You could equally well choose Hamburg as a concentrated image of the European situation. It has grown to be one of the continent’s richest cities, with standard incomes way above the German average and a growth in jobs contrasting sharply with the country’s general stagnation. The Hamburg of the 1990s was a stylish success story, a perfect illustration of how to make the change from traditional industrial city to a modern centre for a combination of manufacturing, advanced technology and a strong service sector. But even as this was happening, the number of Hamburg residents in receipt of social security benefits or income support was rising dramatically: the 1970 figure of 17 650 had increased to 159 681 in 1997, the second highest share of any large German city, with only Bremen faring worse. Hamburg has become a polarised city in a divided economy where growth and decay walk hand in hand.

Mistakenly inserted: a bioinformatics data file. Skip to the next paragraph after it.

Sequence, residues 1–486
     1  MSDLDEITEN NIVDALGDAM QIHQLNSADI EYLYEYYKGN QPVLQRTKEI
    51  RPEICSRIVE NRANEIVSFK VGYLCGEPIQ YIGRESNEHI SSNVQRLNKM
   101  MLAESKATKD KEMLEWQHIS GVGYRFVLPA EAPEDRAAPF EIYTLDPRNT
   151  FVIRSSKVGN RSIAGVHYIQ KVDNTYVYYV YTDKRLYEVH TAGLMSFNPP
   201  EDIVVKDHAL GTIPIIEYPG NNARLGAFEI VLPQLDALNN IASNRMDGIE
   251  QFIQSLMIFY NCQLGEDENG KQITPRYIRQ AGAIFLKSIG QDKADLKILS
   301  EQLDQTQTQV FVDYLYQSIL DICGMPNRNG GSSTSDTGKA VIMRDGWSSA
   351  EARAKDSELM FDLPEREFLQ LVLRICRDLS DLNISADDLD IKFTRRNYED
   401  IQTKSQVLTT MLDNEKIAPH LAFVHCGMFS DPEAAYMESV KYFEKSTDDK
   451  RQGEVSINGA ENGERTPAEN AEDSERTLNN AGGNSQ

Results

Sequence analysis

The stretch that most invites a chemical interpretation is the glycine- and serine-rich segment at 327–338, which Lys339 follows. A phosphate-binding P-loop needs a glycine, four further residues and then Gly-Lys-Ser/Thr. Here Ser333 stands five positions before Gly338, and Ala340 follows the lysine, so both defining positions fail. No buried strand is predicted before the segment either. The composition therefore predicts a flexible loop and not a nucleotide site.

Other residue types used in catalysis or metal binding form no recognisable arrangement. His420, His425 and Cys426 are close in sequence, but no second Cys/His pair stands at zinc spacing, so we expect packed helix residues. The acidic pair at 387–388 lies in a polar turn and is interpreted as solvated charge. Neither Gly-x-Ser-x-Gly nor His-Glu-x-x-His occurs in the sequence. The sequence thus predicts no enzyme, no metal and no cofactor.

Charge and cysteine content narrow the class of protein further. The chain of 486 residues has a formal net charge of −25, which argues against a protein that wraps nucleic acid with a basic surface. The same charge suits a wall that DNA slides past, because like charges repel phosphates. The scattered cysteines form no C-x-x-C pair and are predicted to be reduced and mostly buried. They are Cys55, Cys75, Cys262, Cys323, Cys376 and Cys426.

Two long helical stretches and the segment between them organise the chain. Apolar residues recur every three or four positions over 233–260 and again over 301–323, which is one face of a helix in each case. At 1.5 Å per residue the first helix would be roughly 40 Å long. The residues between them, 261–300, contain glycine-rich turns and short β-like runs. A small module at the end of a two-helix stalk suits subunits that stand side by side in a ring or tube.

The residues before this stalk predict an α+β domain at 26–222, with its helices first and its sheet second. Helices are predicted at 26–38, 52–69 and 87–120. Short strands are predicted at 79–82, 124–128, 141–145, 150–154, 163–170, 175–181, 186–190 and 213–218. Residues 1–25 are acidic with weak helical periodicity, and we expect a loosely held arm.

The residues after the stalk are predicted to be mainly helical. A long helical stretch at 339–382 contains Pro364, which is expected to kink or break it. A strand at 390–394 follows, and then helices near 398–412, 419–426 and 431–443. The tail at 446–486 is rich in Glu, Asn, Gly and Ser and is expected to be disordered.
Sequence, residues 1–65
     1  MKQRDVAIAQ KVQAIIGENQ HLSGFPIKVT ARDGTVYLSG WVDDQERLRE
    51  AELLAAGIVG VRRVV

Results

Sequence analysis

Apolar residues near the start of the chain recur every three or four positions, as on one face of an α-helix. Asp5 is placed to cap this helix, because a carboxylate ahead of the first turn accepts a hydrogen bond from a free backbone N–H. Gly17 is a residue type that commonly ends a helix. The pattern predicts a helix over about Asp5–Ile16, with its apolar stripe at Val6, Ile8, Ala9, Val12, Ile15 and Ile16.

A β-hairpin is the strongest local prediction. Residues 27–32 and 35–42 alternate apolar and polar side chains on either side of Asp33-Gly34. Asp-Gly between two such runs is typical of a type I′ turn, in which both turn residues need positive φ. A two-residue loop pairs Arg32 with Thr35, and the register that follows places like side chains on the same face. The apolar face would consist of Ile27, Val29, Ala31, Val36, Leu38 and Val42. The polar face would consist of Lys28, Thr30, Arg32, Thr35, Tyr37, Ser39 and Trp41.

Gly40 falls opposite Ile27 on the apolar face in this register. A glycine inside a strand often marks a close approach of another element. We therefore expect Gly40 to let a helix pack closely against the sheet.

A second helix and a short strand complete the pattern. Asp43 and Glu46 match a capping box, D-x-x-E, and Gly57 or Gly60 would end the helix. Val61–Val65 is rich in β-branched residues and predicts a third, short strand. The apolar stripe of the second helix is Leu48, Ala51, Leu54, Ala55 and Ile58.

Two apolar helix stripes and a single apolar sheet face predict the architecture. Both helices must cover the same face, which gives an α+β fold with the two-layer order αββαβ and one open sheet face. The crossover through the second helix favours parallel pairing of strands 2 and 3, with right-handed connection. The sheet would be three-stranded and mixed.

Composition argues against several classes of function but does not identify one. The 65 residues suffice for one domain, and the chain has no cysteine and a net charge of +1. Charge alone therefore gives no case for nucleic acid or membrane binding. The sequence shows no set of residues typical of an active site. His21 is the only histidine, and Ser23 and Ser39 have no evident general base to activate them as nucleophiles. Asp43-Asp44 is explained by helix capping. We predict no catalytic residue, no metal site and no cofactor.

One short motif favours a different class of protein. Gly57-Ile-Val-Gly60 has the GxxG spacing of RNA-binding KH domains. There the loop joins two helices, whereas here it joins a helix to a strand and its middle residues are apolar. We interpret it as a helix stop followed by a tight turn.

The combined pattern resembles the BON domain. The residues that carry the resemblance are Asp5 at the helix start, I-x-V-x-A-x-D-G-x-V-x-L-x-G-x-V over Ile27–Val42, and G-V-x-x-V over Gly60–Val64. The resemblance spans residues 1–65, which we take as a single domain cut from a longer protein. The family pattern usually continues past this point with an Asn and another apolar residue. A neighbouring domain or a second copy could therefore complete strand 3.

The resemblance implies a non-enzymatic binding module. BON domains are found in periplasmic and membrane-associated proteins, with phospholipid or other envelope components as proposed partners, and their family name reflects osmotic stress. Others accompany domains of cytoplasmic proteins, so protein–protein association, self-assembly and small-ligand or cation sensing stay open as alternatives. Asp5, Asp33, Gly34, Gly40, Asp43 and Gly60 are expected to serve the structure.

Knowledge of this kind about Europe seems to remain shrouded in darkness. Why should that be, I wonder. Has it anything to do with how Europe views the USA?